Primary central nervous system lymphoma (PCNSL) cell lines TK and HKBML were purchased from JCRB Cell Bank [National Institutes of Biomedical Innovation, Health and Nutrition (NIBIOHN), Osaka, Japan] on November 10, 2015, and RIKEN Cell Bank (RIKEN BRC, RIKEN BioResource Center, Tsukuba, Japan) on March 10, 2015, respectively, and were grown in RPMI1640 medium with 10% FBS and Ham's F-12 medium (Nacalai Tesque Inc.) with 15% FBS (Thermo Fisher Scientific), respectively, in 5% CO2 at 37°C. methotrexate-resistant cells were generated as described previously (20, 21). Briefly, TK cells (passage 23) were cultured with 1.0 × 10−6 mol/L methotrexate for 6 weeks following preculture with lower concentrations of methotrexate for 9 weeks. HKBML cells (passage 24) were cultured with 1.0 × 10−7 mol/L methotrexate for 6 weeks following preculture with lower concentrations of methotrexate for 4 weeks. TK and HKBML cells used in all experiments were cultured with 10% and 15% serum, respectively, in each medium. Mycoplasma contamination test was performed using e-Myco Mycoplasma PCR Detection Kit (iNtRON Biotechnology, Inc.) on February 20, 2020, which detected no contamination in the cells used.

Metabolome analysis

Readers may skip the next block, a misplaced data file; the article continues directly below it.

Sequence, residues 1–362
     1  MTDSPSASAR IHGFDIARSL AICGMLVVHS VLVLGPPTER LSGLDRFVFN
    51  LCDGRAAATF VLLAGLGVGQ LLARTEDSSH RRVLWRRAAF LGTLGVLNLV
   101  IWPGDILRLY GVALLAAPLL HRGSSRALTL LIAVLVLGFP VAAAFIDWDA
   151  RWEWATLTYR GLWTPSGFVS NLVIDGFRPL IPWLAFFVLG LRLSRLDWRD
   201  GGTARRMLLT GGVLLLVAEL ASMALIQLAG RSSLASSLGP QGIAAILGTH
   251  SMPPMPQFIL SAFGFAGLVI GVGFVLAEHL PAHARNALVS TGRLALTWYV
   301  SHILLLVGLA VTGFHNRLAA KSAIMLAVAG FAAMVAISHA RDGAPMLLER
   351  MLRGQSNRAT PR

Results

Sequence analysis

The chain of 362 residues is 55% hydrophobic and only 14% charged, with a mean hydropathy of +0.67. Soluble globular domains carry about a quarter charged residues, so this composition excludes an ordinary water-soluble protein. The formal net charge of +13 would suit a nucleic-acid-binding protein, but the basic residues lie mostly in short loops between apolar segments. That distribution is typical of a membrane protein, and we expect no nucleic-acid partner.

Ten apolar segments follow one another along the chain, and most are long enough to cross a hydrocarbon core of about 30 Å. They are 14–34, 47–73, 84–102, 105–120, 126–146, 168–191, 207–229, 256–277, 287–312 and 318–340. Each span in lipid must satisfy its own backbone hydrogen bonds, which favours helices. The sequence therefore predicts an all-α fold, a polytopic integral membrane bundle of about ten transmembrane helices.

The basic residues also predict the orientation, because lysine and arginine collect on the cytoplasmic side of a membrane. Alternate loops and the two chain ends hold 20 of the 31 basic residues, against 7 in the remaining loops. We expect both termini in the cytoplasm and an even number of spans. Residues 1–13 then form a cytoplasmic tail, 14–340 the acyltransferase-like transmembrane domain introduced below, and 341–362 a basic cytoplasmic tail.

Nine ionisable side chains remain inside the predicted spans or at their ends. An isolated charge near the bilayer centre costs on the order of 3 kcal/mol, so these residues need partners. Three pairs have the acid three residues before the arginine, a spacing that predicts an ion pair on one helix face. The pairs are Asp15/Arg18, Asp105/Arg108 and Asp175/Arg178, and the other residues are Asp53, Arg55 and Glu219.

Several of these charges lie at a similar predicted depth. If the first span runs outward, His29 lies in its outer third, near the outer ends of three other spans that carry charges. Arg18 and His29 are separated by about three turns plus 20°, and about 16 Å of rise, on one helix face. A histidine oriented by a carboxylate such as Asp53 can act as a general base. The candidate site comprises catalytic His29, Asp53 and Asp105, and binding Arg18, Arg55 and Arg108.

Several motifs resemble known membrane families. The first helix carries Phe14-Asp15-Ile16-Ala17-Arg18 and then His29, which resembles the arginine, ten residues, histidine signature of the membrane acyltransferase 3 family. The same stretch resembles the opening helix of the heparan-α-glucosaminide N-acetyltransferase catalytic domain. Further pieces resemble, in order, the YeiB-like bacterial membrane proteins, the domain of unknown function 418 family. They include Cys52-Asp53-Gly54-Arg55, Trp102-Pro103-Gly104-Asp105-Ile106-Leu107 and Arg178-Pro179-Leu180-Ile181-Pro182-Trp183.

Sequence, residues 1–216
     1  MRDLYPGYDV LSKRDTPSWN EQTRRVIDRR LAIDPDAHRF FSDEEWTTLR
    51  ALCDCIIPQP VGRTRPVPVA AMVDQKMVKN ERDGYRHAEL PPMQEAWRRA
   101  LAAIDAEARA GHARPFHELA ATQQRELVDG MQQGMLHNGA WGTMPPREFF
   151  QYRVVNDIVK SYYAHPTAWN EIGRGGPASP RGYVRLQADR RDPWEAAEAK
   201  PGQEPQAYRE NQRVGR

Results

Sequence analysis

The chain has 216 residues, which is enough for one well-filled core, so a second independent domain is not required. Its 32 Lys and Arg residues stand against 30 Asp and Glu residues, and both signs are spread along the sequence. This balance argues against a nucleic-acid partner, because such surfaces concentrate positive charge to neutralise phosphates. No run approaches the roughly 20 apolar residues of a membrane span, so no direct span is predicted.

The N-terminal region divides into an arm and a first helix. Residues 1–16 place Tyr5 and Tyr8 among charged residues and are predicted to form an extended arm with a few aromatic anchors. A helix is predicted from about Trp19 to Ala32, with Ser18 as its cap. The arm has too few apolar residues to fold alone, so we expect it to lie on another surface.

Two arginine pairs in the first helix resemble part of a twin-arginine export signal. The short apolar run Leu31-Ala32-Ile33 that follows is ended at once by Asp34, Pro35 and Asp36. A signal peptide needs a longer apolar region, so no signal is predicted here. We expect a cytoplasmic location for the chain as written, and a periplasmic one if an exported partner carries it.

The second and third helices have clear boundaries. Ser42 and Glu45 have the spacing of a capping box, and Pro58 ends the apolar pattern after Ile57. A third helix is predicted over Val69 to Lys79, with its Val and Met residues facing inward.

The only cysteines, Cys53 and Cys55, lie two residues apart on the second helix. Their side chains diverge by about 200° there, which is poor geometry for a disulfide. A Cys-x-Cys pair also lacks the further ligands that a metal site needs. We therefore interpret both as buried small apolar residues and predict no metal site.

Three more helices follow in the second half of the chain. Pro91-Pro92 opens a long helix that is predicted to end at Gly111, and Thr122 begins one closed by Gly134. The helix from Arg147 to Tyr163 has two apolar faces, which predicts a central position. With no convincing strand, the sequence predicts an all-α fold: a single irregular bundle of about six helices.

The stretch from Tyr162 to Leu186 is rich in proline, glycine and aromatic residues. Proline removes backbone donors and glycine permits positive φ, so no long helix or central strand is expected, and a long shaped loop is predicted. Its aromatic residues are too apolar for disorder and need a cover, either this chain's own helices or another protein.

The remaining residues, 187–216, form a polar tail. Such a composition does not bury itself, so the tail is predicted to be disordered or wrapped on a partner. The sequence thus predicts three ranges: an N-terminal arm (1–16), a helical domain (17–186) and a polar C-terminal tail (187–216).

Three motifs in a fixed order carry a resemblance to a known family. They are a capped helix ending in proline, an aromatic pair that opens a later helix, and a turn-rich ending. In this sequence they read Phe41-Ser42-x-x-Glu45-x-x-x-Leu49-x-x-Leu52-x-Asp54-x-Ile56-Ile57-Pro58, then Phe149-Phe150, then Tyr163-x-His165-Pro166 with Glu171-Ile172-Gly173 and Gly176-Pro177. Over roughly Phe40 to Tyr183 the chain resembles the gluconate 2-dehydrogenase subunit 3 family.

Metabolic extracts were prepared from 4–5 × 106 cells of TK-derived cells and 3–5 × 106 cells of HKBML-derived cells with methanol containing an internal standard solution (Human Metabolome Technologies, Inc.) and analyzed using a capillary electrophoresis (CE)-connected electrospray ionization-time-of-flight mass spectrometry (ESI-TOFMS) and CE-MS/MS system, according to the manufacturer's instruction (Human Metabolome Technologies, Inc.). Briefly, after removal of culture medium, cells were washed and then collected, according to the protocol E-140014 (Human Metabolome Technologies, Inc.). Cationic and anionic compounds were analyzed with the cation and anion mode of CE-TOFMS system with fused capillary inner diameter (i.d.) 50 μm × 80 cm (Agilent Technologies), respectively. Peaks detected by CE-TOFMS were extracted to obtain peak information, including mass-to-charge ratio (m/z), migration time (MT), and peak area (S/N > 3) using automatic integration software MasterHands (Keio University, Tsuruoka, Japan). Condition of measurements was as follows: (cation mode) sample injection; pressure injection 50 mbar, 10 seconds, CE voltage; positive, 27 kV, MS ionization; ESI Positive, MS capillary voltage; 4,000 V, MS scan range; m/z 50–1,000, sheath liquid; HMT Sheath Liquid (p/n: H3301-1020), and (Anion mode) sample injection; pressure injection 50 mbar, 25 seconds, CE voltage; positive, 30 kV, MS ionization; ESI Negative, MS capillary voltage; 3,500 V, MS scan range; m/z 50—1,000, sheath liquid; HMT Sheath Liquid (p/n: H3301-1020). The peaks were annotated by the HMT metabolite database (Human Metabolome Technologies, Inc.), based on their MTs in CE and m/z values determined by TOFMS. The tolerance annotation range of peaks was referred as ±0.5 min for MT and ±10 ppm for m/z. Concentrations of metabolites were estimated with normalization of the peak area of each metabolite (100 μmol/L) with respect to the area of the internal standard (200 μmol/L) and standard curves, which were detected by a one-point calibration. Relative area was calculated with a following formula: (target peak area)/(internal control area)/(sample volume). A metabolic pathway map was drawn with a Visualization and Analysis of Networks containing Experimental Data (http://vanted.ipk-gatersleben.de/). Triplicate samples were examined and relative areas of peaks were compared among groups with Welch t test (P < 0.05).